Race Management

So, you’ve trained for months for your goal race and the week is finally here. Now what? What should the last few hours between now and the race look like?

24-48 hours out – Cross your “T’s” and dot your “I’s”. I always feel more comfortable once I have my race bib in hand. Picking up your packet early means that you can troubleshoot any potential registration snafus in plenty of time before the race. I also double-check the weather and any traffic updates to ensure that I arrive in plenty of time to loosen up before the run. There’s nothing like finding out that your bus is delayed on the morning of your event.

12-16 hours out – Assemble the team. You’ll want to pull out your race gear, fix your bib to your shirt and take final inventory of everything you’ll need for the event. Are you packing the right pair of shoes? Do you have a change of socks and an extra t-shirt for after the race? It’s inevitable that you’ll forget something, but do your best to make sure that something is your chapstick and not your sneakers.

8-12 hours out – Zzzzzz. Or at least “zzzzz” as best you can. It’s not unusual to have some increased stress or anxiety the night before a race. Do your best to create optimal sleeping conditions by getting away from blue light, turning down the thermostat in the bedroom and setting an extra alarm for the morning. Don’t be surprised if you get a fitful night’s sleep, especially if it’s your first time racing, but utilize some of these best practices to increase the likelihood of falling asleep and staying asleep.

2-3 hours out – Eat whatever solid food you plan to before the race, so your body has time to digest and make the nutrition available to you come game time. Leave yourself enough time and space to eat in a relaxed environment and manner at home before travelling to the event. You don’t want to stress yourself out trying to cram a bagel into your mouth while tying your shoelaces and navigating through traffic.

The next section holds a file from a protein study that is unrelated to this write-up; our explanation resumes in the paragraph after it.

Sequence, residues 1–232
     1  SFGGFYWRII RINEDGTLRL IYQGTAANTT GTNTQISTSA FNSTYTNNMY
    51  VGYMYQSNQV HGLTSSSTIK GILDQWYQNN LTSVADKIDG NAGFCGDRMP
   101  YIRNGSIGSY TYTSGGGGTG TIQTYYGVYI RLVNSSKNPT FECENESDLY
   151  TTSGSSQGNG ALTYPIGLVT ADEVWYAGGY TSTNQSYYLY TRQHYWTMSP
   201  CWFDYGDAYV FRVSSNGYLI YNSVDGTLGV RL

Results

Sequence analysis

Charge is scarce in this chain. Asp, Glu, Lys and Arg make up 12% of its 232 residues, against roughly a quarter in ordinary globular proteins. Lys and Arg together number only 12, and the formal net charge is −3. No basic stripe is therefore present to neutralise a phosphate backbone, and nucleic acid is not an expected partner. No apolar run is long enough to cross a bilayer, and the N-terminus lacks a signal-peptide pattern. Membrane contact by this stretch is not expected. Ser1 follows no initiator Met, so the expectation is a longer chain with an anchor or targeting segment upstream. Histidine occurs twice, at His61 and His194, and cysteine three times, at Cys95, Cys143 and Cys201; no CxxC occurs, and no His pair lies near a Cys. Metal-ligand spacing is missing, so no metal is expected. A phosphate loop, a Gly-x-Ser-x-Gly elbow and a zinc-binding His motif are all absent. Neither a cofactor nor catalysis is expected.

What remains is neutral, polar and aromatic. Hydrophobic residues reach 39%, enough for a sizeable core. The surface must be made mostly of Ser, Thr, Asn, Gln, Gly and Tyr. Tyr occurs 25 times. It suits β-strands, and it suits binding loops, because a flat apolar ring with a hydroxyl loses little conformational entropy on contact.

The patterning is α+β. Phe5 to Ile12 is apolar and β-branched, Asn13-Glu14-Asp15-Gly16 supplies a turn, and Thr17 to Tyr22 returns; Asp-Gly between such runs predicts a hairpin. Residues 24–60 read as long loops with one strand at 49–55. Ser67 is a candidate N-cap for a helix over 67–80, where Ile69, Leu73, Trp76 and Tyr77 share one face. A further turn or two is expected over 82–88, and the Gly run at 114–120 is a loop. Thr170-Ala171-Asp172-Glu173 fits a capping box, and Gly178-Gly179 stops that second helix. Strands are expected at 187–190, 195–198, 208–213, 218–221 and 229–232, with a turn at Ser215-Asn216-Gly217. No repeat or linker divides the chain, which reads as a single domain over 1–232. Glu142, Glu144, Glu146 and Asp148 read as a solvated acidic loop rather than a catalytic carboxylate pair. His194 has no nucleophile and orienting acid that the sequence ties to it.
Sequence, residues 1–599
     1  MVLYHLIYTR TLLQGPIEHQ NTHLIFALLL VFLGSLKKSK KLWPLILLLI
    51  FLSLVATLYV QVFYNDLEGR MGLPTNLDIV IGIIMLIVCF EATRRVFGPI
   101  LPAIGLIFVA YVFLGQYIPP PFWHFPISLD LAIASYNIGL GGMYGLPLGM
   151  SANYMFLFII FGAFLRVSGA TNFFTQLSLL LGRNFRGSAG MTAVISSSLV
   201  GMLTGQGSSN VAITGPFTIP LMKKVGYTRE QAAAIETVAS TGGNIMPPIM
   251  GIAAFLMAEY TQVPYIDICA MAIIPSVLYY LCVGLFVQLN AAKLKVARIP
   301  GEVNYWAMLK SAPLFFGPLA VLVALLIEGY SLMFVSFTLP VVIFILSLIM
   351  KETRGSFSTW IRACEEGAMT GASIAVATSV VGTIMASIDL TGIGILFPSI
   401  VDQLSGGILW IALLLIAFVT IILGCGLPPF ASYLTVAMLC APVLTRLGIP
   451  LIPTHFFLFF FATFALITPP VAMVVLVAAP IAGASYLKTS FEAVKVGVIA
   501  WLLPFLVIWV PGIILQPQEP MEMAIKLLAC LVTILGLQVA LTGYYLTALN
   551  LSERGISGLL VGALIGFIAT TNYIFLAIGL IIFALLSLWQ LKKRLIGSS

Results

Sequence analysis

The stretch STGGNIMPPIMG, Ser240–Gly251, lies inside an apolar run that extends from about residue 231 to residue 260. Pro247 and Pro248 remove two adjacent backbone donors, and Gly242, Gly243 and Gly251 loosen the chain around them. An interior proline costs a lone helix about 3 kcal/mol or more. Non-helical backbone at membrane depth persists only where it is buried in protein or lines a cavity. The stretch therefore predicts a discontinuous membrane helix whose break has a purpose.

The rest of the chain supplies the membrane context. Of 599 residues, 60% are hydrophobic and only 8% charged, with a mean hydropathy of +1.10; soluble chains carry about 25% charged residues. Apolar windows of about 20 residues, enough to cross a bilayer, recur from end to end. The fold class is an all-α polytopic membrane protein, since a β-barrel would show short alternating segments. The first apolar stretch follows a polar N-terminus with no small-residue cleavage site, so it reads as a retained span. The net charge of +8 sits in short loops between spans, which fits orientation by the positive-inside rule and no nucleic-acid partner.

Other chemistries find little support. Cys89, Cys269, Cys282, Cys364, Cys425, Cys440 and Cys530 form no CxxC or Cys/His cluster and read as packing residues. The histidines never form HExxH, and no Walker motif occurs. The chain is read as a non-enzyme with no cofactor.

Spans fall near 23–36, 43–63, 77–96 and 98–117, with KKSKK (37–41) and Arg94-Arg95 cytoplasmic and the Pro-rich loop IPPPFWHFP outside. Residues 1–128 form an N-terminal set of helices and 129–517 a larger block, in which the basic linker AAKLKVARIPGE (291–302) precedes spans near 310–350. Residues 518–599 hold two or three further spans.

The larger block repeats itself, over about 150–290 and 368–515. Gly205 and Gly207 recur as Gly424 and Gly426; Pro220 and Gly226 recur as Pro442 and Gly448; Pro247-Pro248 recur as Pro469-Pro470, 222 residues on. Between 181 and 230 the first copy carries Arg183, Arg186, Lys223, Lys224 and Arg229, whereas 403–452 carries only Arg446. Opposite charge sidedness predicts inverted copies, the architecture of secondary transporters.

1-0 hours out – Hydrate. Sip on some water instead of chugging it. You won’t want an entire bottle sloshing around in your system while you’re trying to perform. Loosen up. Use your dynamic warm-up drills to open up the joints, and jog around a bit to get the blood flowing. You’ll want your joints to be lubricated, and your muscles full of fresh blood and oxygen when the gun goes off.

1 minute in – Slow down. Everyone. EVERYONE. Always. ALWAYS goes out too fast in a race. We can’t help it. It’s the environment, and it’s our nature as competitive and excitable creatures. Lots of coaches will tell you to relax and pace yourself from the start. I’m not that coach, because it’s an absolutely unrealistic expectation. Instead, what I like to tell people is to simply “settle” back into their goal race pace as soon as that initial burst of adrenaline wears off. Go ahead, get yourself off to a strong start! Find a good position, and hook up with a nice pack of people to pace with…then ease off the throttle just a bit so you don’t crash and burn too early.

15 minutes to 2 hour in – Celebrate! Job well done. You’ve made it across the finish line happy and healthy. Whether this was your first race or your fiftieth, you deserve a hug, a high five and a big glass of chocolate milk!

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